Article  SV302                                                                                                                                                                                                                 
             

Down together, Up together.

This has long been a conventional method of teaching the serve, but hold on a minute,                     
the best servers in the modern game do something quite different.

If we want to hit the ball with more power, then we need to look at the service motion of
some of the top players.

Just taking two of the recent great players ‘ Steffi Graf and Pete Sampras, we will find they
use a staggered arm timing. On the right are pictures of Pete and Todd Marten to show the
modern serve.

What do they do specifically.

1/. As the players throwing arm rises, the hitting arm drops back and down.

The old up together, down together technique which appears more synchronised really works
against creating the maximum power for some players, the reason for this is it makes the
hitting arm pause at the top of the backswing, thus negating the build up of momentum to that
point. This is especially so, with players who have a high ball throw.

With the staggered timing there is a slow rhythmic start and then a quick acceleration of the
arm and racquet head to co-ordinate with the ball placement, and improvement in service power.     


 

This has long been a conventional method of teaching the serve, but hold on a minute,                     
the best servers in the modern game do something quite different.

If we want to hit the ball with more power, then we need to look at the service motion of
some of the top players.

Just taking two of the recent great players ‘ Steffi Graf and Pete Sampras, we will find they
use a staggered arm timing. On the right are pictures of Pete and Todd Marten to show the
modern serve.

What do they do specifically.

1/. As the players throwing arm rises, the hitting arm drops back and down.

The old up together, down together technique which appears more synchronised really works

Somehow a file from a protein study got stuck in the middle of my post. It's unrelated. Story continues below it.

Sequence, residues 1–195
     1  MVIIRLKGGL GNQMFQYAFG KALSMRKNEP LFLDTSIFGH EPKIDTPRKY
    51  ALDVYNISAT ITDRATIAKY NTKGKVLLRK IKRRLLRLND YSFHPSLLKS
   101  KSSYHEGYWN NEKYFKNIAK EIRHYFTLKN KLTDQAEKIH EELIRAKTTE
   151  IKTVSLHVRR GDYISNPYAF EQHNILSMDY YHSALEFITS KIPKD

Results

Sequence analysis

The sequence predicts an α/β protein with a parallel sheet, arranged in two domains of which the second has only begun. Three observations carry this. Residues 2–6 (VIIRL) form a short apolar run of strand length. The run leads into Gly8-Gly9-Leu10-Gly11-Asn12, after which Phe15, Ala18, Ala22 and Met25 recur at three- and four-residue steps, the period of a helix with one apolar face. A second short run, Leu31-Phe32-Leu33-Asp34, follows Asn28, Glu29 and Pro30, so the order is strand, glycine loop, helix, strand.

against creating the maximum power for some players, the reason for this is it makes the
hitting arm pause at the top of the backswing, thus negating the build up of momentum to that
point. This is especially so, with players who have a high ball throw.

With the staggered timing there is a slow rhythmic start and then a quick acceleration of the
arm and racquet head to co-ordinate with the ball placement, and improvement in service power.      


2/.  With the idea of one arm up and one arm down this brings a tilting of the shoulders on the
serve, this contributes to power and control. From this position the hitting shoulder accelerates
up to the ball and therefore a contact at the top of the swing and therefore maximum racquet
head speed.

3/. A most important aspect of  this method is to keep the palm of the hitting hand facing down
to the ground at the time the ball is released. This is necessary in order to achieve the correct
swing pattern of a good serve. The racquet is quickly raised above the head, from this position,
and circled down around the back before snapping up to hit the ball.

I see many club players, especially beginners, who open their hands up, so that the palm is facing
the sky and this inhibits the momentum available with the correct technique.

Say to yourself ‘Front arm up, back arm down’ as you release the ball – you could find your serve
is more powerful

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